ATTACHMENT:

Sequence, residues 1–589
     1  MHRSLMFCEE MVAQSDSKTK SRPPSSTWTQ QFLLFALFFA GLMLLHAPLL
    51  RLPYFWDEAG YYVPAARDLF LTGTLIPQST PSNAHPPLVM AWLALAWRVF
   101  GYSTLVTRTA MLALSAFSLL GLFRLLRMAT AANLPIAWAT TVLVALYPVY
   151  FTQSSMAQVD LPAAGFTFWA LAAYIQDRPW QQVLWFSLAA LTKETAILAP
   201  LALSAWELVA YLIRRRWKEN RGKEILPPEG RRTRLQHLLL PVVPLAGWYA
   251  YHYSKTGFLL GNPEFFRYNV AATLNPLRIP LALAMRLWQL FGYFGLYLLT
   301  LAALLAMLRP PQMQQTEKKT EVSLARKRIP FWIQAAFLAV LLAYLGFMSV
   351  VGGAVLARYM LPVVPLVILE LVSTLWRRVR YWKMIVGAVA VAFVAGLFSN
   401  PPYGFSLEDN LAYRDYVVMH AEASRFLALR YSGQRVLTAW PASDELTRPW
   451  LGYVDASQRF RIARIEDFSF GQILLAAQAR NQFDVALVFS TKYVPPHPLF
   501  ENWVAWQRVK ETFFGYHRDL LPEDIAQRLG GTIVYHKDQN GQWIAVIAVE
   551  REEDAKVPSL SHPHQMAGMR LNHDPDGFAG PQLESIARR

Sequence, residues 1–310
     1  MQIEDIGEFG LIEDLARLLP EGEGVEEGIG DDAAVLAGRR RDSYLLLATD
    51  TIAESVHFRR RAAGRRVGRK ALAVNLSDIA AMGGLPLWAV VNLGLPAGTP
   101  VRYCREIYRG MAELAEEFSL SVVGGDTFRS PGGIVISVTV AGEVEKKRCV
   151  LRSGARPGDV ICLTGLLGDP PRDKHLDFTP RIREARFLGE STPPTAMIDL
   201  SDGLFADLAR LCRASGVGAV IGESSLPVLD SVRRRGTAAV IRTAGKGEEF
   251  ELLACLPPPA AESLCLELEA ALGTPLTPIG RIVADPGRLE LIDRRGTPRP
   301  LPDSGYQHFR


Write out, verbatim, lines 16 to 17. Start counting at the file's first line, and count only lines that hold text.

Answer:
    51  TIAESVHFRR RAAGRRVGRK ALAVNLSDIA AMGGLPLWAV VNLGLPAGTP
   101  VRYCREIYRG MAELAEEFSL SVVGGDTFRS PGGIVISVTV AGEVEKKRCV